Despite the comparison to the souls-like formula, Elden: Path of the Forgotten feels closer to Soul Blazer, albeit much less refined and not having to fight enemies to get to nodes. You can only attack with your weapon in four directions, your magic is centered around a magical companion, and your move list is not big at all. Yet even Soul Blazer, as strange to play as it can be, has better hitboxes and movement, has distinctive RPG elements like experience and different equipment overall, and far more imaginative level design as expected by Quintet, the same creators of Illusion of Gaia and Terranigma. As such, it makes the aforementioned issues even more apparent, as Soul Blazer was not exactly all that refined either. When a modern retro-style game has more technical quirks than an actual game from the ’80s and ’90s, that’s a problem.
Now, with all the negatives, what are the positives in Elden? As far as the forest is concerned, the environment did look nice. Jason mentioned that trees can get in the way and it can be hard to navigate the area. Even if trees obscured things, they never really got in the way, nor did I find it hard to navigate with the exception of the cave. It is far too dark for my liking, so it is hard to even see where the passageways are. There was also a moment in the forest building where the stairs up were obscured by darkness. In the end, that was it. I also did not find the screen shaking intrusive at all, though that could be due to playing on handheld mode for the Switch. However, the positives basically end there. Not so much because the game does everything else wrong, but rather it doesn’t do anything that particularly stands out.
For instance, store descriptions detail that the game is visually inspired by 8-bit and 16-bit games. However, the main character’s sprite style and many of the enemies betray otherwise. Even for larger entities, the shading is rather basic. I understand, it is easier to animate by using as few pixels as necessary, especially when you desire more fluid animation. However, sprite proportions that are closer to Atari consoles is rather common in the retro indie scene. Compare this to the 2017 game Phantom Trigger. My opinion on that game’s presentation has definitely dulled over time, being now the same as I am describing about Elden: Path of the Forgotten. Yet, Phantom Trigger still provided a bit more detail in its sprites, with some visual flair to the environment in contrast. Even NES games can have quite a bit of detail, despite a limited color palette, such as Kirby’s Adventure. If anything, saying the visuals are inspired by 8-bit and 16-bit games in a way runs counter to what those games had to offer in terms of detail. In turn, Elden has difficulty standing out at all.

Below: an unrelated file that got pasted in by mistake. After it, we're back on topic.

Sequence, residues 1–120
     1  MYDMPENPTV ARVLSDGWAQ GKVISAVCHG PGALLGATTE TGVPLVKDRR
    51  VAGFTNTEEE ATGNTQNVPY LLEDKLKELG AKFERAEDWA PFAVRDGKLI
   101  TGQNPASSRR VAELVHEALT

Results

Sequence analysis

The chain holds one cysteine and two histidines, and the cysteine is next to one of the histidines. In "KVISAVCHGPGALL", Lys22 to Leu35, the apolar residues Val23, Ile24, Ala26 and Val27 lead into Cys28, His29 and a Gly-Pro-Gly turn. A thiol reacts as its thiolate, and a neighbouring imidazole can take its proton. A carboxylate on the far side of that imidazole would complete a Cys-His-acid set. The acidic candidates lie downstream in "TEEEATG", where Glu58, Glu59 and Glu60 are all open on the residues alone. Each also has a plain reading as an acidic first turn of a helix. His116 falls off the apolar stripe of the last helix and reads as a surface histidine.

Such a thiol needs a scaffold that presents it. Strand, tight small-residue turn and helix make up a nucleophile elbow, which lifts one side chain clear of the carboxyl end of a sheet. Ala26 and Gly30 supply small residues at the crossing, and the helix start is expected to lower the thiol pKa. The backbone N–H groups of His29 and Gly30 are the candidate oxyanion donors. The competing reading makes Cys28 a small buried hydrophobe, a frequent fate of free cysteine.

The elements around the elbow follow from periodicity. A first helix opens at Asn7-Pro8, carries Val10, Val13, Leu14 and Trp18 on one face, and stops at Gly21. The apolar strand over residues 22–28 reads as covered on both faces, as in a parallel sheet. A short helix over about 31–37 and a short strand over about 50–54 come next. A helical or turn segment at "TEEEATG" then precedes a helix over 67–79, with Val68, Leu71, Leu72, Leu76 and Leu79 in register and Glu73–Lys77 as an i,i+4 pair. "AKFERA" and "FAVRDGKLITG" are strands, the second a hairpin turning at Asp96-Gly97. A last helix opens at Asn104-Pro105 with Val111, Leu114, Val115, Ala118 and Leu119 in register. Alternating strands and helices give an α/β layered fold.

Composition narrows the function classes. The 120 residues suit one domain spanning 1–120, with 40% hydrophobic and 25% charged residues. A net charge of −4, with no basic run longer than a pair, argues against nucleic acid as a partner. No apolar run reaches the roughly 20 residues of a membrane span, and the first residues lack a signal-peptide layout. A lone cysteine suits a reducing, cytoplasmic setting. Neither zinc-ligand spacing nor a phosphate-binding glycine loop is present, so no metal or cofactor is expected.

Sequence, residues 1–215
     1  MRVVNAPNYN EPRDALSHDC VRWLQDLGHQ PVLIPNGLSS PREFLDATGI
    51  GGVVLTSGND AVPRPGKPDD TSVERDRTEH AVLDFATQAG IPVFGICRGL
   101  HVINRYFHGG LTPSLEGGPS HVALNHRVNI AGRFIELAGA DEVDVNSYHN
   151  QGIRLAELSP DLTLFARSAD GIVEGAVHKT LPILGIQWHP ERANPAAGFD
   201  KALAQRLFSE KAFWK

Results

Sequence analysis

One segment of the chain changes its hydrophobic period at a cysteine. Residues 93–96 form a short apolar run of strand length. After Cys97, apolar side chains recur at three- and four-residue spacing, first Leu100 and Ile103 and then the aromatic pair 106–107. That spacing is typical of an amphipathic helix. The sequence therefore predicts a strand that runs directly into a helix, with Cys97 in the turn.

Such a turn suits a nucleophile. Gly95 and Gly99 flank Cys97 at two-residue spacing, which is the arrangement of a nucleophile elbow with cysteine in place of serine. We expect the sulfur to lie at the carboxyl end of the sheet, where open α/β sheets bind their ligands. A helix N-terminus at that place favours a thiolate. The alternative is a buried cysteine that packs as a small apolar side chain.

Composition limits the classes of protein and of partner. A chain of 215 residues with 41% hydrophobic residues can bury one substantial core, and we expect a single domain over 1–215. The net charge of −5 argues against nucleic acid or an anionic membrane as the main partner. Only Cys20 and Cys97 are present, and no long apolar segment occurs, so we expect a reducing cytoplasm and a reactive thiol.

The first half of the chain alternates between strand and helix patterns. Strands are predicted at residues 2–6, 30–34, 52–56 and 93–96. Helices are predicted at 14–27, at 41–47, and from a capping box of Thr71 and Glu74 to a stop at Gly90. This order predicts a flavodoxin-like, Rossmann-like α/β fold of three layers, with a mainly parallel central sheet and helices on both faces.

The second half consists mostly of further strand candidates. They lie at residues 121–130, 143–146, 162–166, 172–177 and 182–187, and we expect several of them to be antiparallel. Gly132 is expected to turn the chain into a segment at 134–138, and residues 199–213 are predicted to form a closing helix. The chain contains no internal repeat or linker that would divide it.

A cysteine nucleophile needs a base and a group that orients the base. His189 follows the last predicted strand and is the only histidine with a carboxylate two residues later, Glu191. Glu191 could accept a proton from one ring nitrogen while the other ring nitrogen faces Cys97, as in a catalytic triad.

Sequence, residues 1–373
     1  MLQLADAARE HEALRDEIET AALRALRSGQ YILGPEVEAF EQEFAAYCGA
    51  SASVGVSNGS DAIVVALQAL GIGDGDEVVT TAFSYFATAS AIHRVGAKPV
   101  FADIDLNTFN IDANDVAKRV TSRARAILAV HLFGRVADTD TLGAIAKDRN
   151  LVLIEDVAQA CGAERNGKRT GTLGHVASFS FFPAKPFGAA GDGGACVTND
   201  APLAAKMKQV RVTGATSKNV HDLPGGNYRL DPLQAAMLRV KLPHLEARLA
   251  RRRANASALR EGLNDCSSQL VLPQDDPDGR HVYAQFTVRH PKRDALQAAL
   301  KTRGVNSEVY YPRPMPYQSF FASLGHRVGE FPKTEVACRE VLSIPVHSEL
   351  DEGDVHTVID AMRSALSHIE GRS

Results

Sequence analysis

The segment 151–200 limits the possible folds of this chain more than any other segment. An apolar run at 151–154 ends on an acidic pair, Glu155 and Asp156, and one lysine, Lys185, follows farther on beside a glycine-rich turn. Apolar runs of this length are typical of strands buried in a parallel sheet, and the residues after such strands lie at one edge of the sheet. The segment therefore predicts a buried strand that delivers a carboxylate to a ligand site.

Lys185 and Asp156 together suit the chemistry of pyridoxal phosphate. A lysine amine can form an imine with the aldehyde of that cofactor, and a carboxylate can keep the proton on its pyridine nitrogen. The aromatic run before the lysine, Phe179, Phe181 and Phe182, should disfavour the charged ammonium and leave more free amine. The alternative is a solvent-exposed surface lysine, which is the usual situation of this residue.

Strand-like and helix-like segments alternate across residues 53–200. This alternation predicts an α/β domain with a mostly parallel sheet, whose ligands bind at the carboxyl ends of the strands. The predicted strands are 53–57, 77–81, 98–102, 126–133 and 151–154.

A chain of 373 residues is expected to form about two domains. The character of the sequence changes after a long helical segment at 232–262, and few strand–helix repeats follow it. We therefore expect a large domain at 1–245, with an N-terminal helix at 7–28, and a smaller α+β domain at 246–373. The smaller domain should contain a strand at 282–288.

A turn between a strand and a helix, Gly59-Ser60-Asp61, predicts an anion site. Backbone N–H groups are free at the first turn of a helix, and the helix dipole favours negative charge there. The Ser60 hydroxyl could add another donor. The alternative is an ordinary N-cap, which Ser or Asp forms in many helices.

In the end, Elden: Path of the Forgotten is a very lackluster experience. The game ranges from two hours long at worst, four hours at best. With a price point of $15.99, that is asking for quite a bit for any potential buyer, especially since the game has little replay value. If you are really interested in the game, it is best advised to wait for a decent sale. Even that, however, is a tenuous recommendation, due to the game’s weak foundation and lack of polish. Hopefully OneRat can improve from here, in order to truly stand out in the industry.
Review copy provided by the publisher